and the firmament proclaims his handiwork.
2 Day to day pours forth speech,
and night to night declares knowledge.
3 There is no speech, nor are there words;
their voice is not heard;
4 yet their voice goes out through all the earth,
and their words to the end of the world. (Psalm 19:1-4)
Usually when I think of this passage, I think of the sky we can see everyday: the amazing clouds and sunsets, stormy skies. But as I looked at the paintings on my easel, I thought about how much bigger the heavens are. We cannot see it without the aid of a powerful telescope. It is huge and glorious. The beauty, the detail, the way it all can work together, all speak loudly of a creator. Someone who could orchestrate all of that together so it keeps on going as the planets revolve around the sun and the stars do their dance across the universe.
Here is the enormous truth - we are just a tiny little part of an entire universe – and yet God loves us intimately. He loves us and desires a relationship with us. He wants us to trust him.
Well, if he can create and run the universe – why is it so hard to let go, trust him and accept his love?
How are you doing with letting go and trusting in God? In accepting his love for you?
Have you ever noticed that there are more people out and about from November through December? This is the season of waiting: waiting in traffic, waiting in lines, waiting for the holidays, waiting for family, waiting with anticipation. When we read the Christmas story we are reminded of other ways of waiting: Mary waiting for the birth of Jesus, Israel waiting for freedom from the romans, Israel waiting for the promise of the Messiah, Elizabeth waiting for a child of her own, God waiting for us to turn to him. I wrote more about waiting in the blog I wrote about the painting, Waiting for the Promise, shown here.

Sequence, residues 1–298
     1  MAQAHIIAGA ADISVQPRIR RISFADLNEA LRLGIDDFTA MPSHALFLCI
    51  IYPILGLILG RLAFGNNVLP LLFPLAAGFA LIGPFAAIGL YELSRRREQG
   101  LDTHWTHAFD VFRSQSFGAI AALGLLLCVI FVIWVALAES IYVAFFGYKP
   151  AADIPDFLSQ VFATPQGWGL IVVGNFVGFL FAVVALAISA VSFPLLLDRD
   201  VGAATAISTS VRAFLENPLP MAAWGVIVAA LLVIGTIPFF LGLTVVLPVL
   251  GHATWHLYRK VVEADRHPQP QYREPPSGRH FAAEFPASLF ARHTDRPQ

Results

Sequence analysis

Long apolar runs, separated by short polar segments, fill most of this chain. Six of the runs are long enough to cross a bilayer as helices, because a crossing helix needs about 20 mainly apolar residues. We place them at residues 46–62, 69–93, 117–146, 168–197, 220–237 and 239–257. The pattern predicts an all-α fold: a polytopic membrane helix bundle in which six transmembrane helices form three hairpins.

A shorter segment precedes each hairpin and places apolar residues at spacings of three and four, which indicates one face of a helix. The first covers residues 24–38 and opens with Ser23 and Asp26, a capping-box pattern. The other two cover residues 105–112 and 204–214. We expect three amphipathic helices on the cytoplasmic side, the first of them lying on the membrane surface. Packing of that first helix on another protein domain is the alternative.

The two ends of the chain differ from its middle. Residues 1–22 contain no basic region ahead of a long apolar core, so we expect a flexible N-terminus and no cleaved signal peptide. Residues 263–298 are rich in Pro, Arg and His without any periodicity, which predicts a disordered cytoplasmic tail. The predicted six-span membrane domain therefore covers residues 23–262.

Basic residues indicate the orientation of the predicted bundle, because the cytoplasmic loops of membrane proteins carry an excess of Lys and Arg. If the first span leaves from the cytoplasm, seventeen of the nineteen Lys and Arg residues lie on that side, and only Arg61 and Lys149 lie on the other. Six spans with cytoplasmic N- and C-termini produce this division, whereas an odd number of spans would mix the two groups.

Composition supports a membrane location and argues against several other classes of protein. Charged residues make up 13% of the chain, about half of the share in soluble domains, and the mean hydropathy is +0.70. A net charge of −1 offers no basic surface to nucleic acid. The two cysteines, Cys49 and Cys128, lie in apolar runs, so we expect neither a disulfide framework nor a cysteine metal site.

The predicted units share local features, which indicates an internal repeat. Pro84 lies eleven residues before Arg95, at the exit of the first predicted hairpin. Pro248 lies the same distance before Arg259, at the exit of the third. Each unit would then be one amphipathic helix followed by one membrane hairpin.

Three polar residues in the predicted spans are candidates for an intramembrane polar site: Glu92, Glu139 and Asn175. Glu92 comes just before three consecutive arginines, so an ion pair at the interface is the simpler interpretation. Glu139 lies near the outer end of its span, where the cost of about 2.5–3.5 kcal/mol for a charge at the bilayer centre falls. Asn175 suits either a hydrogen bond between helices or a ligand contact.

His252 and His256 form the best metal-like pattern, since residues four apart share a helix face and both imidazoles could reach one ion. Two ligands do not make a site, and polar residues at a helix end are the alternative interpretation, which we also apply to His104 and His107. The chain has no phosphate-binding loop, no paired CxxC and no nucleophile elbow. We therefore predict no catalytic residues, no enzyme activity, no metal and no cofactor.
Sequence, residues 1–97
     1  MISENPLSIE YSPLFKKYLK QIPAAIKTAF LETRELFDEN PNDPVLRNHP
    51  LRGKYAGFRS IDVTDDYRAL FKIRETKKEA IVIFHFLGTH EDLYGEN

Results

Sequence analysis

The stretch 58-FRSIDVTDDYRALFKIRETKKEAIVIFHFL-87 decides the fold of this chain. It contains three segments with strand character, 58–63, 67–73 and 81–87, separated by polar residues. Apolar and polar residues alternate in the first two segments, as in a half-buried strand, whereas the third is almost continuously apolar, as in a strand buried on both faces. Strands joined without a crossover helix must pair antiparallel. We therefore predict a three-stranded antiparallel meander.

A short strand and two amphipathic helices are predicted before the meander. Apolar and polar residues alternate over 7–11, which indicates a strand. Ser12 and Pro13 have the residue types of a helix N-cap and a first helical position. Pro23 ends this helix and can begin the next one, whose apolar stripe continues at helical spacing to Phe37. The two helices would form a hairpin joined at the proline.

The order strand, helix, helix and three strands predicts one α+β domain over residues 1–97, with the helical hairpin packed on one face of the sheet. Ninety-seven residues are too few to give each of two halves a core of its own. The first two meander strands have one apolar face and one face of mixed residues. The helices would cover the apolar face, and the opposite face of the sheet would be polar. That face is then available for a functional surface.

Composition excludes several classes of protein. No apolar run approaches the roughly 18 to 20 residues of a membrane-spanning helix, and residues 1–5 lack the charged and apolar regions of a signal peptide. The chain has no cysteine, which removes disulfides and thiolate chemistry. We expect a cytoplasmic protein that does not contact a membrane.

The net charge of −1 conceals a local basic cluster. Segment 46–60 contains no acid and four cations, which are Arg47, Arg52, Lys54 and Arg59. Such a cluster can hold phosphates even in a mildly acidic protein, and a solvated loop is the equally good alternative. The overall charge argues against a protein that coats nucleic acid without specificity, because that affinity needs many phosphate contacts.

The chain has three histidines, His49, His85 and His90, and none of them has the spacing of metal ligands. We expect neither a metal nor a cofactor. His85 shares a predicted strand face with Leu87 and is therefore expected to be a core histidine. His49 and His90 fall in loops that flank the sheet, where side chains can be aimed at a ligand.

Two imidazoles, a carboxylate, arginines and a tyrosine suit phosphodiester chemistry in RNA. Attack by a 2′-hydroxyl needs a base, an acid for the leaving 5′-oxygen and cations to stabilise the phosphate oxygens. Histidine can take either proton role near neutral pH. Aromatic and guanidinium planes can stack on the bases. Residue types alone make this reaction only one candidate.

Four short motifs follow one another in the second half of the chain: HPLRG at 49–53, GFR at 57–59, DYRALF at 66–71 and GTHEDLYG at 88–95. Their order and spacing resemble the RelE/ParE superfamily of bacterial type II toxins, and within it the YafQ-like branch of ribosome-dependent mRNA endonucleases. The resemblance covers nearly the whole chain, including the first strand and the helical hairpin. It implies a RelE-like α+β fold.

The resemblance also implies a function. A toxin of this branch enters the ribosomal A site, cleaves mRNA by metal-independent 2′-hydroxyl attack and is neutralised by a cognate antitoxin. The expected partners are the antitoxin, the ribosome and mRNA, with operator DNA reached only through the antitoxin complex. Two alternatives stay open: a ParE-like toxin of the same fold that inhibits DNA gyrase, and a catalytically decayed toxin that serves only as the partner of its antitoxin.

In church last Sunday, we were asked to write down on a ribbon what we were waiting for. The ribbons were knotted to twine and will be added to the Christmas tree at the front of the church. They are prayers to God.
What are you waiting for? Hope, friendship, healing, forgiveness, work, paycheck, family, time, retirement, vacation, all the above???
For God alone my soul waits in silence, for my hope is from him. He alone is my rock and my salvation, my fortress; I will not be shaken. Psalm 62:5-6
May the hope of Christ fill you this holiday season for whatever you are waiting for!
I was thinking about beauty today as I sat in the dark with my breakfast and watched the sky come slowly alive with color. It was a lovely, soft colored sunrise. As the colors bloomed in the clouds, I felt a bloom of joy and wonder and contentment inside of me. I found myself smiling and singing a praise song.
If I had missed seeing it, it still would have bloomed, but I would have missed the blooming in my soul in response.
Birds and flowers have been on my mind recently with the show I have up now at the Glenrose. Birds and flowers are places of beauty for me and they remind me to enjoy the moment and to let go and trust God with my worries.
26 Look at the birds of the air; they neither sow nor reap nor gather into barns, and yet your heavenly Father feeds them. Are you not of more value than they? 27 And can any of you by worrying add a single hour to your span of life?[k] 28 And why do you worry about clothing? Consider the lilies of the field, how they grow; they neither toil nor spin, 29 yet I tell you, even Solomon in all his glory was not clothed like one of these. 30 But if God so clothes the grass of the field, which is alive today and tomorrow is thrown into the oven, will he not much more clothe you—you of little faith? Matt 6:26-30
My response to this has been writing words to a new song. It isn't finished yet, but I like these lines here for finding beuaty in the moment:
There is wonder, there is beauty